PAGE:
4 min read

ROpenSci Unconf 2017

I’m back from the ROpenSci Unconference in LA. A fabulous two days of R programming and, ur, playing Minecraft. As one does.

This was ROpenSci’s 4th unconference; the first I could attend. There were like 70 participants, nearly double what they had last year. The scheme is that people break up into groups and work on different projects that might be useful to the ROpenSci community. There was discussion about potential projects in advance on GitHub, and then the first morning we voted on what we were interested in doing via stickers:

I found the list of topics a bit forbidding. Important stuff, but a lot of them seemed technically difficult, and I didn’t really see how I could best contribute. And, jumping to the punch line, the outcomes of the 2 days’ work are pretty awesome, for example:

Awesome stuff, and that’s 4 of 20. But you know, I don’t think I’m particularly good at any of those things. And for that reason, I was super excited when Gergely Daróczi posted the idea that we make an R package through which we can interact with the game Minecraft.

I’ve played a lot of Minecraft with my kids. And there’s a big community of folks writing “mods” for the game, but to do that, you need to write Java. And, well, I really don’t like Java. So I was excited, a few years ago, to see the book Learning to program with Minecraft, which uses a python module that allows you to interact with the game.

The book is a very nice and thorough introduction to programming, using Minecraft as all of the examples and exercises. Really, it’s the best book on programming for kids that I’ve seen, because it is so full of challenging but do-able and above all interesting exercises. Good exercises are really the key to learning programming, and Minecraft provides a lot of really great It’s a great way to learn programming, because a key challenge in learning to program is identifying appropriate challenges to try to work on, and for people who’ve tried to

Our team of six (me, Gergely Daróczi, Brooke Anderson, David Smith, Mario Inchiosa, and Adi Zaidi) set out to replicate the features of the python module as an R package. There are basically just eight functions:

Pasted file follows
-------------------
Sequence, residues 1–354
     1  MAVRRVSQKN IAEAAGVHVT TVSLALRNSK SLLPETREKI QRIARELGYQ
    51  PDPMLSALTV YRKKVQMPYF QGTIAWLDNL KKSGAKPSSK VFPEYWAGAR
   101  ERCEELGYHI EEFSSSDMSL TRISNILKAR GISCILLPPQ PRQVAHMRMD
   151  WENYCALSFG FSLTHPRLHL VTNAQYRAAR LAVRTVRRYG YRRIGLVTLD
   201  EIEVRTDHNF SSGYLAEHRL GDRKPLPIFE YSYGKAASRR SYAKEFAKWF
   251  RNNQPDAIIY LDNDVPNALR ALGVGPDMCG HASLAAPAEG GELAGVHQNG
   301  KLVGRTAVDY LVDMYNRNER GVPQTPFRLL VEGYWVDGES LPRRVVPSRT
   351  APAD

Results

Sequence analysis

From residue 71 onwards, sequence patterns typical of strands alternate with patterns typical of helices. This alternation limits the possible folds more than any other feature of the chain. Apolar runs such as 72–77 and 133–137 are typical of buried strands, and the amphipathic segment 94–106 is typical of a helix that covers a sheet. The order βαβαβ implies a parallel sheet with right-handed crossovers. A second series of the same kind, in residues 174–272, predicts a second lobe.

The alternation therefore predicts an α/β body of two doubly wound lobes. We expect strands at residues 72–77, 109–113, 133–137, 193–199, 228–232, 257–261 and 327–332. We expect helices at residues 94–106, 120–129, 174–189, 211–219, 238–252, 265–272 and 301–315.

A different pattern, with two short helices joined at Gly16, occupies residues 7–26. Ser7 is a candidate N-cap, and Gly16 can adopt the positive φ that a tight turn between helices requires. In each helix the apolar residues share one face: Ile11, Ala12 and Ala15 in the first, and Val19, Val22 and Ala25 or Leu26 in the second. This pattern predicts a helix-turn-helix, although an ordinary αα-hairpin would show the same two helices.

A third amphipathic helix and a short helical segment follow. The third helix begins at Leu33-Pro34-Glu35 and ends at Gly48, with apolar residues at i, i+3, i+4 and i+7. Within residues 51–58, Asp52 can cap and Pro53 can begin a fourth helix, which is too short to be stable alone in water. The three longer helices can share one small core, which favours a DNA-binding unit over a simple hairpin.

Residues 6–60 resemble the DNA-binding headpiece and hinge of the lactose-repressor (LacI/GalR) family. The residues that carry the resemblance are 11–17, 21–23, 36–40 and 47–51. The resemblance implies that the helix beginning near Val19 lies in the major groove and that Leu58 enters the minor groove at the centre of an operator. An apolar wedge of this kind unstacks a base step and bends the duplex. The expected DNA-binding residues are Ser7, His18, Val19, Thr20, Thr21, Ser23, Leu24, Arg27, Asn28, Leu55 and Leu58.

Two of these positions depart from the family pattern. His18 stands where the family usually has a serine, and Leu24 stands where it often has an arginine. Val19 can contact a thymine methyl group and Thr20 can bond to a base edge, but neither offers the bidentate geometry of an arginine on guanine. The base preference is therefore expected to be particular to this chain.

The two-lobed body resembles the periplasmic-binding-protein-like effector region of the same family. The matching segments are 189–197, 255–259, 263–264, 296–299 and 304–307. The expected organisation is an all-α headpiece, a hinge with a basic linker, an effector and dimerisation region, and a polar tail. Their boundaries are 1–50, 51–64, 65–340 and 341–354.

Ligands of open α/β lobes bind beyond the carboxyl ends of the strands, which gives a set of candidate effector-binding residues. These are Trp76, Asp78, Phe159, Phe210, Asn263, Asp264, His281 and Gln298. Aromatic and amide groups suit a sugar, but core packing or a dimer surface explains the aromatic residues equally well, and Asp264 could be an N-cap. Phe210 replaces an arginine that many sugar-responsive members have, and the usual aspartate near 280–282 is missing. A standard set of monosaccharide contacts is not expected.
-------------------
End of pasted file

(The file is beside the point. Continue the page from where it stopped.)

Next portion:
• set a particular type of block somewhere
  • figure out what type of block is at some spot
  • figure out where a player is
  • move a player somewhere
  • figure out where a player is pointing
  • check whether anyone has hit something with a sword
  • post a message to chat
  • read the chat messages

We had our basic working package, miner, by lunchtime on the first day and spent the next day and a half playing with it and Minecraft.

Just eight basic functions, but we did a ton of awesome things:

  • A robot number-guessing game
  • Automatic creation of mazes that players can walk through (or be moved through automatically)
  • Replicate a photograph, or the R logo, within Minecraft using different types of blocks
  • Give a player Elsa (from the movie Frozen) powers, like walking on water and having it turn to ice, or creating random-sized columns of ice by hitting things
  • Write letters on the side of a mountain
  • Draw a full ggplot2-like scatterplot in the sky

Check out the ReadMe file for our package to see a bunch of pictures and gifs.

I’ll write about some of these things in the (hopefully near) future, because I learned some cool stuff, and it was was really fun.

Just after lunch on day 2, I realized that we could use the chat feature in Minecraft to execute R code from within Minecraft, using parse and eval. And it totally worked. So I could generate my ggplot2-style scatterplot entirely within Minecraft. (The key advantage of this, other than just being cool, is not having to keep switching back and forth between R and Minecraft.)

Watch me type a bit of R and get my scatterplot going:

What next? We’re thinking we’ll compile the many vignettes we developed into a bookdown book. Stay tuned.